Ford Motor Co. has released test results showing that drivers, when properly trained, can boost their fuel economy by an average of 24 per cent. “The 48 total drivers who took part in the validation tests saw results ranging from 6 percent fuel economy improvement to more than 50 percent, depending on their driving style and ability to master eco-driving behaviors,” according to a release from Ford. “Eco-driving instructors coached drivers to employ smoother breaking and accelerating, monitor their RPMs and drive at a moderate speed.”
It makes one wonder how much fuel could be saved if all cars — not just plug-in hybrids — had dashboard monitors showing instant feedback on fuel economy (i.e. MPG or 100 km/litre) and all drivers were required, as part of getting their license, to take a half-hour training course on eco-driving.
Certainly 15 per cent improvement in fuel economy is possible, according to the U.S. Environmental Protection Agency. If the U.S. uses close to 150 billion gallons of gasoline annually, and if every American practiced eco-driving and got the EPA-estimated 15 percent benefit in fuel economy, “more than 22 billion gallons of gas would be saved,” says Ford.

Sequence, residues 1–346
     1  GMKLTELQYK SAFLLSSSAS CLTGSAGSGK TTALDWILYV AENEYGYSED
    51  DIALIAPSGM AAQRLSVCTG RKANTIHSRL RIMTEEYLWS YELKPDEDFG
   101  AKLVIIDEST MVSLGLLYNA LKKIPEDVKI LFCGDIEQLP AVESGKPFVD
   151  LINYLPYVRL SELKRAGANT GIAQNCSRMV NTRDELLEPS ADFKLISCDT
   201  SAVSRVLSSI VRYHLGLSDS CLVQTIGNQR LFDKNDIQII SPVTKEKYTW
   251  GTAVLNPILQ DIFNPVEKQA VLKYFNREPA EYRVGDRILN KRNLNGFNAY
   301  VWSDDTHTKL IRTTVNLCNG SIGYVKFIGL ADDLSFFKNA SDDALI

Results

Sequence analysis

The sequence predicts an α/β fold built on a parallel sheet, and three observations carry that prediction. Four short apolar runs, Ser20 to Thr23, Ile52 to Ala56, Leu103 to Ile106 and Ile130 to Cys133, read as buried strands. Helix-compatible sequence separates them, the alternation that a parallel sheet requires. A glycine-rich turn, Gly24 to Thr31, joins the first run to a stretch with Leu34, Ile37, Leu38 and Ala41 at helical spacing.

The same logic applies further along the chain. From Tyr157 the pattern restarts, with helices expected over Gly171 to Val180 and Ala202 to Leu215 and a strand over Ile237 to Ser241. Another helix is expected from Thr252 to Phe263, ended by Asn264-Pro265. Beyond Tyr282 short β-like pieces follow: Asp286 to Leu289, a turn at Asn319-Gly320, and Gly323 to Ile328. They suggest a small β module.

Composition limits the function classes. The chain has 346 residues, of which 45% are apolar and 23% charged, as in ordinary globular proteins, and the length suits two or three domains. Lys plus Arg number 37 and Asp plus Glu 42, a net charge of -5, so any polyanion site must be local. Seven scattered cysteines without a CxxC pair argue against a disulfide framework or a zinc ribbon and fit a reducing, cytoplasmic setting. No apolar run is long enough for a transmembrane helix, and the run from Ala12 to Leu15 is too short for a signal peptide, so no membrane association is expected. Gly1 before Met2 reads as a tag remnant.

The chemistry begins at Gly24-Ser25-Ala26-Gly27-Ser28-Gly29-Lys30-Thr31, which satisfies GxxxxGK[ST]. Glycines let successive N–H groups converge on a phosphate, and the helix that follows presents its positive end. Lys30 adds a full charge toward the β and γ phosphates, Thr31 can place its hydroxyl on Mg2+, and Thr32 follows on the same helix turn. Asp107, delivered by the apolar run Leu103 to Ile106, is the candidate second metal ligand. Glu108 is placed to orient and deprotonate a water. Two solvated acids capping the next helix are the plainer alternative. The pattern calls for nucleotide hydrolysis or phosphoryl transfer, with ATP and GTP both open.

Obviously, some dogs just can’t be taught tricks. But providing this kind of training to corporate and vehicle fleets is a start. And some dogs do want to be taught tricks, so perhaps there’s a small business opportunity down the road for teaching one-hour eco-driving courses.
Drew DeGrassi, president of Pro Formance Group, which helped conduct the tests with Ford, says the opportunity for savings is real. At the same time, he doesn’t exaggerate the potential. “It’s not the end-all solution for America to obtain energy independence, but it is an important part of it.” Such training, combined with more efficient vehicles that run on electricity or alternative fuels, can go a hell of a long way.